How Medicaid ACOs can pave the way for population health management

Accountable care organizations (ACOs) and similar models are a prime opportunity for states to bridge their population health and payment reform goals, according to the Milbank Memorial Fund's new issue brief, which offers strategies to promote Medicaid ACOs.

Although policymakers understand that meaningful population health management must address socioeconomic factors, the brief states, reforms are not feasible under fee-for-service payment models.

However, the ACO model, which many states have already identified as a way to keep down costs within their Medicaid programs, offers numerous opportunities to address social health determinants, according to the brief. Medicaid ACO beneficiaries in particular will benefit from the model because they are more likely to have worse health outcomes and more complex socioeconomic needs.

States that have expanded Medicaid eligibility under the Affordable Care Act particularly stand to benefit from providing incentives for population health improvement. For example, pre-expansion, children and pregnant women often left the program after aging out or giving birth. Post-expansion, the brief noted, many more beneficiaries will remain within the program.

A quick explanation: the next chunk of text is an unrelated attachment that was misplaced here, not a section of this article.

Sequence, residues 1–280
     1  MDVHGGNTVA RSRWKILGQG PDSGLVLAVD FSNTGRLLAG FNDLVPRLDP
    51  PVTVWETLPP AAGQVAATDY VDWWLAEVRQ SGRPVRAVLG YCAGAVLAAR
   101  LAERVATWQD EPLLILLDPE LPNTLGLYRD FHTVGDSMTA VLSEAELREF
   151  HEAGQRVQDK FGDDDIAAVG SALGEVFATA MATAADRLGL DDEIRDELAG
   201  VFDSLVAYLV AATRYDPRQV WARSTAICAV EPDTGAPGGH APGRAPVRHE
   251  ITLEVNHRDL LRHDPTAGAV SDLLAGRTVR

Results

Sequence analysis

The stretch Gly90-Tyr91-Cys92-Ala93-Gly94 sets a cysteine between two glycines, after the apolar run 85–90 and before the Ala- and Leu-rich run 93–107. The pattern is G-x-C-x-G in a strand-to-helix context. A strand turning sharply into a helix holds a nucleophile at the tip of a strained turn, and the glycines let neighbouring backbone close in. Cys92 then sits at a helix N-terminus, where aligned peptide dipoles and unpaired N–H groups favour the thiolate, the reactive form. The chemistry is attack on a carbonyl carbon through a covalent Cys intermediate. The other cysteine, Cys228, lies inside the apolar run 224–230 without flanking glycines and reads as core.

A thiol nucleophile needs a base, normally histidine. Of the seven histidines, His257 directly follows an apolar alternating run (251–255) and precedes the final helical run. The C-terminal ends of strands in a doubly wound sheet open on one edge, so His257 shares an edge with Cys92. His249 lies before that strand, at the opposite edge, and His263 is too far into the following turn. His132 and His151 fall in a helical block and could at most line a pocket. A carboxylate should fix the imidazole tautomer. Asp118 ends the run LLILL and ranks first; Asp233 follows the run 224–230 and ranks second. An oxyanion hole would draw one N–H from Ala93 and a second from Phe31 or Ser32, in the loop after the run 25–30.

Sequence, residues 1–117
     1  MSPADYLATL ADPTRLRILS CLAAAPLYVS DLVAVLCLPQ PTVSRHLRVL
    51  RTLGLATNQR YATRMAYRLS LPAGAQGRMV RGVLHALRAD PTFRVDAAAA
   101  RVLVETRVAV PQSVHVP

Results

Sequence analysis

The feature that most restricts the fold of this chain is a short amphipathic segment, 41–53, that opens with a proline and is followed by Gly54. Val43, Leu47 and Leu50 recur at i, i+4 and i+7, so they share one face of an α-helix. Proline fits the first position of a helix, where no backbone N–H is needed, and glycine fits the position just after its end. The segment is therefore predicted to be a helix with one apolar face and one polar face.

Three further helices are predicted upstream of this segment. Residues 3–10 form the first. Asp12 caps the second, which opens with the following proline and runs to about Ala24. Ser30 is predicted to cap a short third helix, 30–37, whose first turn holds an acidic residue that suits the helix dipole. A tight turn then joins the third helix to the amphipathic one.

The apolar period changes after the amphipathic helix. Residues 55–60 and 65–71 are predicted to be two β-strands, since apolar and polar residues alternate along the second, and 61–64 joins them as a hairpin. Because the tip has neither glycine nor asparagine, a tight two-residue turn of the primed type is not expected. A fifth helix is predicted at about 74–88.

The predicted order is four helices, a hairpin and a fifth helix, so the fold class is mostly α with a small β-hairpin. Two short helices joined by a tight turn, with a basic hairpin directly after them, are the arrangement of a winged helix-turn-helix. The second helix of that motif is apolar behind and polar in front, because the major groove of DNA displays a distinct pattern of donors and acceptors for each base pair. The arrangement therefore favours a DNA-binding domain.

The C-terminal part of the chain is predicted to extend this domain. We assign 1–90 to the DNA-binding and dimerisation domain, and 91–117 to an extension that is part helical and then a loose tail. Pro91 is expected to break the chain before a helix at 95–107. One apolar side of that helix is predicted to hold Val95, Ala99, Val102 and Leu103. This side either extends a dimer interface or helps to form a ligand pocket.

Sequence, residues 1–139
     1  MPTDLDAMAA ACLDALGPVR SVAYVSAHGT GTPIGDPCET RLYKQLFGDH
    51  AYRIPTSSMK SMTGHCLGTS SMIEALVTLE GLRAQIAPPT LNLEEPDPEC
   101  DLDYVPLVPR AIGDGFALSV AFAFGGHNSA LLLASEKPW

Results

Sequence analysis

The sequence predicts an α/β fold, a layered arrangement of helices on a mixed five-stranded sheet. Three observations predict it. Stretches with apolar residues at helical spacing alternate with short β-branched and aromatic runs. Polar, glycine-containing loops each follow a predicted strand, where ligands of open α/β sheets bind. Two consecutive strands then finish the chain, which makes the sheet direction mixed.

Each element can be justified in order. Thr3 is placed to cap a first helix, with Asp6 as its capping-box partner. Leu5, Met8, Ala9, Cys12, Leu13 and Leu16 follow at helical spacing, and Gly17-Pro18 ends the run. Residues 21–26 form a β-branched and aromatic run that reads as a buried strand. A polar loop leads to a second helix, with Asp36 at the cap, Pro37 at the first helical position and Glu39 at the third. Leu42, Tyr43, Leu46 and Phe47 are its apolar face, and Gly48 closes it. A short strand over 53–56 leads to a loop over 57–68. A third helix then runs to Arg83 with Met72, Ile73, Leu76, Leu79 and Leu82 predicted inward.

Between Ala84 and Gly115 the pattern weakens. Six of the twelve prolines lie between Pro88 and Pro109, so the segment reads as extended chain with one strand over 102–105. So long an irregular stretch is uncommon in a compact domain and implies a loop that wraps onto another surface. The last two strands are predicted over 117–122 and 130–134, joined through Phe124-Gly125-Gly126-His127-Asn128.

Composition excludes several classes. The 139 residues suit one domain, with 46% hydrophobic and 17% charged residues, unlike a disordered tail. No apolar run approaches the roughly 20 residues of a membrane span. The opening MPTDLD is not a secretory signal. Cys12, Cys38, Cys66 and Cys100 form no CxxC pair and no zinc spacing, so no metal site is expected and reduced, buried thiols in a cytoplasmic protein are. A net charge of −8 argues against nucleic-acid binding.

A number of Medicaid ACOs use models based on the Medicare Shared Savings Program, which provides incentives for saving through short-term health improvements among high-cost, high-need patients. In contrast, outcomes-based payment models provide incentives for broader population health.

To implement such outcomes-based payment models, the brief suggests states take the following steps: 

  • Establish ACOs with geographical boundaries for simpler care coordination
  • Establish population health-centered governance standards for ACOs
  • Determine existing population health needs by analyzing existing data

A report from the Commonwealth Fund last week indicated that Medicaid ACOs in Minnesota, Colorado and Oregon have shown promising results, meeting their goals of generating long-term savings. For example, Colorado, which established a Medicaid ACO in 2011, has saved up to $33 million over a three-year period, FierceHealthPayer reported.

To learn more:
- here's the issue brief (.pdf)

 

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